The partition table can only have 4 entries which can designate primary
partitions and/or extended partitions. Only a primary partition can be
given the attribute of "active"; i.e., you cannot make a logical drive
in an extended partition the "active" partition drive. The MBR (master
boot record) only knows how to read the partition table. It doesn't
know how to interrogate logical drives within an extended partition.
The BIOS loads a bootstrap program that loads the MBR into memory. The
MBR then reads the partition table to see which of the primary
partitions is marked with the attribute "active". The MBR then uses the
partitioning information to find sector 0 of the active primary
partition. This is the boot sector for that primary partition. The MBR
then loads the boot program in that boot sector of the active primary
partition and passes control to it to continue the boot process. None
of which has even involved Windows or any operating system at this point
(except that it is possible to replace the MBR with a customized version
for a particular operating system; the MBR normally can read the
partition table only on the same hard drive as where the MBR was read
which is usually the first physical hard drive, but replacement MBR
programs can read the partition tables on other hard drives).
- BIOS loads MBR from first physical hard drive.
- MBR reads partition table on the same hard drive as the MBR.
- MBR looks for a primary partition marked as active. If no primary
partition is marked active, boot stops with error.
- MBR loads the boot sector from the active primary partition.
- Boot sector (program) loads the rest of the OS starter files (the
program in the boot sector may itself be an OS starter file). This is
when the OS starts to load.
so clarifying and helpful!
I would also recommend to leave the program files with the OS (for a variety of reasons). User files, however, should be seperated from the OS. Whether you use a lot of itty bitty partitions for that or one big partitio with folders is your choice. In my book a one (or two) partition system is more flexible for managing the space.[/QUOTE]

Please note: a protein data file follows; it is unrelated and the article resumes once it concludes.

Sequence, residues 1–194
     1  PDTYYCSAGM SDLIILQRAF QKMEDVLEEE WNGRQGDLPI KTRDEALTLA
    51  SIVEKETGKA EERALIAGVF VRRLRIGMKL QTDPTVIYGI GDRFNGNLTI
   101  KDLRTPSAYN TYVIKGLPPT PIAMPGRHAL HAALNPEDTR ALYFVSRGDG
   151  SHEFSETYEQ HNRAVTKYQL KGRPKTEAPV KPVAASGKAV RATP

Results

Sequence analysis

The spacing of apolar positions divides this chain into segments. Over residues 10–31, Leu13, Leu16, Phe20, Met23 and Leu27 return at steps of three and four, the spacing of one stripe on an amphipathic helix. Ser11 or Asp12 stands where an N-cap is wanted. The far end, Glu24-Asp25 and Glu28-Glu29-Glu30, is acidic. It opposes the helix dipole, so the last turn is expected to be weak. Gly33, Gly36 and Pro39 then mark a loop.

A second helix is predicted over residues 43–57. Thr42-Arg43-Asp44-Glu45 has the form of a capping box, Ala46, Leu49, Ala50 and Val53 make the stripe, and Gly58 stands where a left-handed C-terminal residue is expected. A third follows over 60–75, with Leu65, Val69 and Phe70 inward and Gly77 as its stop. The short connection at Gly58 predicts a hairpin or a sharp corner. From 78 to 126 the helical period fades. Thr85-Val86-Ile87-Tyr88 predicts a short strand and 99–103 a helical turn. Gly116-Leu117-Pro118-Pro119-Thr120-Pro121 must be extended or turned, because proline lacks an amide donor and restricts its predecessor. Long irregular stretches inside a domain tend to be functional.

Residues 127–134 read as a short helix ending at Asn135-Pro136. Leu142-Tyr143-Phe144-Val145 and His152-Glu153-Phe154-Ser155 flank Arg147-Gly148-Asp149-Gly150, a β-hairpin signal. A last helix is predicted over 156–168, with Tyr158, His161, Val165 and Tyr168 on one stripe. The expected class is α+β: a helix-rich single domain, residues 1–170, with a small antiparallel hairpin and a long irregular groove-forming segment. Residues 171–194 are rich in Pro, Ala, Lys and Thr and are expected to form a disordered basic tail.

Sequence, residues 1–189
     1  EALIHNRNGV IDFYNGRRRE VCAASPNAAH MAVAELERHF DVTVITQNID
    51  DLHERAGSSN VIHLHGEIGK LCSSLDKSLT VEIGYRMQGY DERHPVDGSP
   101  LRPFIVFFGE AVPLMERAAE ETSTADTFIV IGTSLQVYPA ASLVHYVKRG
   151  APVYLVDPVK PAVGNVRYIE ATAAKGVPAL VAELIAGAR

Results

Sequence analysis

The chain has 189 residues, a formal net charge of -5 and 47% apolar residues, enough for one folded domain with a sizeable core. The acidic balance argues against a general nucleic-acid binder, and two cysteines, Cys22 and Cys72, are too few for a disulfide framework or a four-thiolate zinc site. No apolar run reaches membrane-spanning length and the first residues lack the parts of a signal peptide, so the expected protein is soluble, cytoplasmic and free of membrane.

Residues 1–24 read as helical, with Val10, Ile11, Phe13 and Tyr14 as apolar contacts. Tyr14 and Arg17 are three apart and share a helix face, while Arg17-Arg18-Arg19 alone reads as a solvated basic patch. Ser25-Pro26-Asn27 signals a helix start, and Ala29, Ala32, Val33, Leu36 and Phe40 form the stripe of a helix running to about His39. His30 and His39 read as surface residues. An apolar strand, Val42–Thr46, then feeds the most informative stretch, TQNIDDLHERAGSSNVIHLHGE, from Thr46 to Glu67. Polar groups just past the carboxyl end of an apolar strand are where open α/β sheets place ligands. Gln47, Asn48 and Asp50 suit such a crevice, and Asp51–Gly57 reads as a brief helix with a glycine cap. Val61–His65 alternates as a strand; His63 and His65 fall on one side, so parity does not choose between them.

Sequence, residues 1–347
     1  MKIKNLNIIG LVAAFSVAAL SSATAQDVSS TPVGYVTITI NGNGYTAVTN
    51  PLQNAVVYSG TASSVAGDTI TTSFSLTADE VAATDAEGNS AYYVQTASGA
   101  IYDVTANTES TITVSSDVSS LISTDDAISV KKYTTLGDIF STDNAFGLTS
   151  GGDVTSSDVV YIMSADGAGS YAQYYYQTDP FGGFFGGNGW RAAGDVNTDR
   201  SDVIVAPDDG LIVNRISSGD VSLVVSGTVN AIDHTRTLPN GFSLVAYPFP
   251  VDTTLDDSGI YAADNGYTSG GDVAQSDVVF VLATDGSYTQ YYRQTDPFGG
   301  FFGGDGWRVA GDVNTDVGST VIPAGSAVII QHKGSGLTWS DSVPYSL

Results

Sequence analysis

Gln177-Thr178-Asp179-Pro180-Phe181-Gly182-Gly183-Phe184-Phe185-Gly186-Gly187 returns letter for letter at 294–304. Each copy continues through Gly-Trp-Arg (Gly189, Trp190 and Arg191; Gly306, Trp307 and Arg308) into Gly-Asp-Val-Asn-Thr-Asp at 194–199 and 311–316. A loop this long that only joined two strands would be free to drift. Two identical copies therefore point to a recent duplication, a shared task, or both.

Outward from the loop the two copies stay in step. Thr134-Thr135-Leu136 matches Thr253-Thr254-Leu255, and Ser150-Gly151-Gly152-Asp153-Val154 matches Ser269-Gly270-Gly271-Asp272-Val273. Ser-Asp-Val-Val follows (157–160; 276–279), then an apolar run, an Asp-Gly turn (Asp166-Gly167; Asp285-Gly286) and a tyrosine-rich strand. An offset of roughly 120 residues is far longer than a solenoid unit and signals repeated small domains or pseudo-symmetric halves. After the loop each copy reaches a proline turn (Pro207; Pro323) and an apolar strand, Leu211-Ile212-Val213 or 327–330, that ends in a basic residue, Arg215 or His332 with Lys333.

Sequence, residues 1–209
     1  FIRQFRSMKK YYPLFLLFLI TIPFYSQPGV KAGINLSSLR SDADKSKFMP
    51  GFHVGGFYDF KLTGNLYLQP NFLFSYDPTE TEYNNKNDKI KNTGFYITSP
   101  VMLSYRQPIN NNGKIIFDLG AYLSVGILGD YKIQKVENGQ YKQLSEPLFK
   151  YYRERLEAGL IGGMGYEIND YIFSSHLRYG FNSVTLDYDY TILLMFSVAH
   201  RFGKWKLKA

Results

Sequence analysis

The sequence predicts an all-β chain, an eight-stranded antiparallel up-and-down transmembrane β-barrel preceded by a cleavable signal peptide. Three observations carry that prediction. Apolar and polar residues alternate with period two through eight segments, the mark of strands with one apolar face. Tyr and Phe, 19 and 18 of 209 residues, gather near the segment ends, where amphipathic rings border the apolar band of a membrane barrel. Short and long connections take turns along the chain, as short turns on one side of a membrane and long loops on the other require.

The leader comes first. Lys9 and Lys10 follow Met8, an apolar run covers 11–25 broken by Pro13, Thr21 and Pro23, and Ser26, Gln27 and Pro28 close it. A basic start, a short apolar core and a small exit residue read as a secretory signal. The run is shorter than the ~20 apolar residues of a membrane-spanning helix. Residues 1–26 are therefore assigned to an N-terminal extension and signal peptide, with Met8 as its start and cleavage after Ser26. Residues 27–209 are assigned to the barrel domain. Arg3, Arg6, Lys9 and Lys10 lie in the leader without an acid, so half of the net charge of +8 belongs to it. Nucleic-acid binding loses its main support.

You seem eager to ambiguously recommend a lot of things without good reasons or information (like what? I'm supposed to heed your recommendation when you have no signs of expertise other than many many posts in this forum?) in such a way that my only reaction is to flippantly disregard your recommendations (no offense).
'for a variety of reasons"??????????/
If I have steam folder that's 100gb+ which is more than the entire windows7 os, and I want to reinstall OS, it would immensely helpful to have program files separate from OS. How is that people aren't recommending separate program files from OS (on different partitions) so you then can reinstall OS without reinstalling possibly 100-300 gb of program files!!
No offense, but I have found your response(s) very unhelpful, obfuscated, and slightly haughty (haughty because of giving recommendations without logically validating them). No offense, this is just a personal preference.
bill2's response was very helpful as I did not know about access and read-write time. Also you, whs, mentioned bootmgr in a confusing way which did cause me to look up some of those definitions and find that exceptional definition of the interrelationship of BIOS mbr and active partitions, so that, indireclty, was very helpful, at least!
I'm entirely unsold on keeping OS and program files on same partition for the reasons I mentioned. It seems more intelligent to keep 100+gb of program files on its own partition from the OS so reinstalling OS (if necessary) would be a cinch. If someone could convince of why keeping OS and program files on the same partition would be wise (which was a large part of my OP) that would be helpful, but for the reasons I gave, it seems much more practical and useful to keep them separate. (if someone foresees a lot of hassles with this, I would be very appreciative if they would share them, but from my POV it seems that installing 100-300gb of program files on the SAME partition as the OS is wrought with hassles when it comes to reinstalling OS (if necessary).
Anyways, this thread has definitely helped (indirectly or directly) advanced my understanding of MBR, BIOS, boot sector, access speed time and read-write time of hds. thanks!